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Updated from 3:37 p.m. EDT

U.S. stocks capped off a down Friday by closing at their lows after several data releases tempered expectations for future economic growth. Technology shares were suffering after a quarterly loss from PC maker


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Dow Jones Industrial Average

lost 171.22 points, or 1.5%, to 11,543.96, and the

S&P 500

fell 17.86 points, or 1.4%, to 1282.82. The


ended down 44.12 points, or 1.8%, at 2367.52.

For the week, the Dow and the S&P 500 each lost 0.7%, while the Nasdaq tumbled nearly 2%.

On Thursday, the three major indices posted solid gains following an upward revision of the government's estimates for second-quarter GDP growth, a decline in weekly jobless claims and softening crude-oil prices. But after the market close,

Dell reported

a 17% year-over-year drop in earnings, sending shares on a 10% decline.

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Elsewhere in technology, software titan


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said it would buy Greenfield Online for $486 million as part of a plan to bolster its online-services business. The stock closed down 2.3% at $27.29.



reported that


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will proceed with its planned advertising partnership with fellow Internet search company



, even as the Justice Department investigates the arrangement. Google lost 2.2% to $463.29, and Yahoo! slipped 1.4% to $19.38.

Outside the technology space, automaker

General Motors

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recalled 944,000 cars and trucks because of an electrical problem in their windshield wipers. GM skidded 3.3% to $10.00.

In commodities news, the price of crude oil finished down 13 cents to $115.46 a barrel. Fear of devastation by Gustav, a storm heading toward the Gulf of Mexico, was prompting companies such as

Exxon Mobil

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to press ahead with evacuations of some area refineries.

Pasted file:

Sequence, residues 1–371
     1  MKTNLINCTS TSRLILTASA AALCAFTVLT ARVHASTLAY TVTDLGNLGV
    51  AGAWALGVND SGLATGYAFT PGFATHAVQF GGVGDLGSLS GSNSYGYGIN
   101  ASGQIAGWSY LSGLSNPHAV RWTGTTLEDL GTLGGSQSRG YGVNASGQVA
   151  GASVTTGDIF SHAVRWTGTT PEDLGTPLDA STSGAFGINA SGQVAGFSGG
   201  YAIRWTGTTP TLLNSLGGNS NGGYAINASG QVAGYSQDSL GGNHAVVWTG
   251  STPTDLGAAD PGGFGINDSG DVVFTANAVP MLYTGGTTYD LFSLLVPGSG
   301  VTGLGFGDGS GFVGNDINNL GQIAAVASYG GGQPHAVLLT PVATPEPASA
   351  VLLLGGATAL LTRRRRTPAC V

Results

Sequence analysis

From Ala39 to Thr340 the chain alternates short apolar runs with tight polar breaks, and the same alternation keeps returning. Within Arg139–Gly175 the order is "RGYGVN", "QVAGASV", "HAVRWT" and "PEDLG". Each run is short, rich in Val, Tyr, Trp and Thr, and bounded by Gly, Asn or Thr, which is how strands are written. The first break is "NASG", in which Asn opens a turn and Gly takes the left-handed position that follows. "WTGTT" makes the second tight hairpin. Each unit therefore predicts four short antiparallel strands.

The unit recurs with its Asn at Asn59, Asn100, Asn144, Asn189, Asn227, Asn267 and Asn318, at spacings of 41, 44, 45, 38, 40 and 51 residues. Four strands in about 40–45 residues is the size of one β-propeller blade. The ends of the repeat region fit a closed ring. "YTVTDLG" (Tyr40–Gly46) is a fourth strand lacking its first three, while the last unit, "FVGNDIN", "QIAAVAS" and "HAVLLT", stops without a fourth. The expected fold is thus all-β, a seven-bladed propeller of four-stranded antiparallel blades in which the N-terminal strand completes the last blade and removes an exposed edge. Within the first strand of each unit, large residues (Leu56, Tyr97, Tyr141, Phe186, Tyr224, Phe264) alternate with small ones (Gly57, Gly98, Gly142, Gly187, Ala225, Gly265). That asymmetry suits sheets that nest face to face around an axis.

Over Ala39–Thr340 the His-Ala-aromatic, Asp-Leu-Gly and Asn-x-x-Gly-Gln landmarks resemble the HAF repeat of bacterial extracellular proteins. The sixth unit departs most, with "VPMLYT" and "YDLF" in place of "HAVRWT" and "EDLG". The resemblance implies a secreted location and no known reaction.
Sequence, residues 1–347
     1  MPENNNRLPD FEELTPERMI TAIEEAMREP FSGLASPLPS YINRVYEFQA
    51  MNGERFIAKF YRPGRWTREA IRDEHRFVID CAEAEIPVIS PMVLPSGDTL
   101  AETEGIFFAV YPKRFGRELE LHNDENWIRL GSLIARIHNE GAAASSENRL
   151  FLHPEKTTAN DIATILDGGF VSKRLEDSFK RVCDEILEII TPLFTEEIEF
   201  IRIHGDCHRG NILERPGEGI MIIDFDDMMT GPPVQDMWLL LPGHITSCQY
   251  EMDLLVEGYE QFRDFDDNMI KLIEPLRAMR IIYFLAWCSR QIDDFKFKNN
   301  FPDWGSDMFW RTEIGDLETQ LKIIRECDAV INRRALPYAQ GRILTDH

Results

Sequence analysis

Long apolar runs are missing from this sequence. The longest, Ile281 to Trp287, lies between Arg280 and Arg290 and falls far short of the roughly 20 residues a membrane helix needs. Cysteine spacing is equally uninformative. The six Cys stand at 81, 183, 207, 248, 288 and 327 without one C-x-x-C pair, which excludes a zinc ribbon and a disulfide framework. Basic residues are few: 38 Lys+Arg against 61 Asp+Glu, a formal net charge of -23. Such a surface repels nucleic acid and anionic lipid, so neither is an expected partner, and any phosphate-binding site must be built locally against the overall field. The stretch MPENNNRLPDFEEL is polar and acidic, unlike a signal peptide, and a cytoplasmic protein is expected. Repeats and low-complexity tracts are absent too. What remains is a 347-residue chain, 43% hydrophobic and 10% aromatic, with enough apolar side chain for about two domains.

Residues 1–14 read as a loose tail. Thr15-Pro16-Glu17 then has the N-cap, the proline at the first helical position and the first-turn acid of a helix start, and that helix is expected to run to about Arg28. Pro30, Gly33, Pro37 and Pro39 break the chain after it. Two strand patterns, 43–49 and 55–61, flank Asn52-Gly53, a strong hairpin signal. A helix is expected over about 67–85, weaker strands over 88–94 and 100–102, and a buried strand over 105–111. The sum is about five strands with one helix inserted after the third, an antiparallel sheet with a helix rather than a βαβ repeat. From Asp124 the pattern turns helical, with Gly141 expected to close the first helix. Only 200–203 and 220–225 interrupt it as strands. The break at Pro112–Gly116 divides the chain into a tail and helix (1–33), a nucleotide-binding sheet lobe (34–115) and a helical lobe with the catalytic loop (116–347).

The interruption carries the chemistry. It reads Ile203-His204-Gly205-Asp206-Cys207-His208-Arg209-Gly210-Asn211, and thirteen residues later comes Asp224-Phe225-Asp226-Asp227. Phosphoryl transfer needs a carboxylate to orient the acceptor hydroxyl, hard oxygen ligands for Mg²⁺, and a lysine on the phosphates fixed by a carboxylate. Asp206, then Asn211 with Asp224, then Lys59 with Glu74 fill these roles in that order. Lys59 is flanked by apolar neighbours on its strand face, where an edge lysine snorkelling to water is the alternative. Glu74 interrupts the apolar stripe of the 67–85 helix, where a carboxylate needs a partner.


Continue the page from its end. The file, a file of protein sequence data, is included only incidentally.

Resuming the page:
Michael Strauss, chief economist for Commonfund, said the markets look to be pricing in a delay of about two weeks in oil production. He said that inventory positions on balance probably leave the industry adequately prepared for such an event.

As for economic data, the Department of Commerce said that July personal incomes shrank 0.7%, weaker reading than economists' forecast of a 0.2% decline. Personal spending rose 0.2%, as analysts had expected.

The Chicago purchasing managers' regional survey for August came in at 57.9, ahead of analyst expectations and up from a July look of 50.8. The consumer sentiment index from the University of Michigan was at 63, up from 61.7 in the prior month and one point ahead of economists' forecasts.

Strauss said that, for the second quarter, "GDP was obviously saved in part by the stimulus package, and that game is now over." He said that Friday's consumer spending number suggests that spending, which accounts for two-thirds of GDP, might be negative for the third quarter. "On balance, it looks like the third quarter is a very weak quarter."

Similarly, Strauss said that the Chicago PMI data reflect resumption of auto plant activity after a strike at

American Axle

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. "It's nice to see we got a nice bounce, but it might be an overstated print."

Today's data weren't surprising but did offer confirmation that the U.S. economy faces demand-side challenges, said Strauss. He said that one bright spot in a consumer slowdown is continued demand destruction on the energy side. Without the threat of Gustav, energy prices would probably continue to soften, he said.

Longer-dated U.S. Treasury securities were softening. The 10-year was down 9/32 in price, yielding 3.81%, and the 30-year was losing 25/32 to yield 4.42%. The dollar was gaining on the euro and the pound but weakening vs. the yen. Gold fell $2 to $835.20 an ounce.

Global markets were mainly trading higher, as the FTSE in London, the Dax in Frankfurt, the Nikkei in Japan and the Hang Seng in Hong Kong were all higher.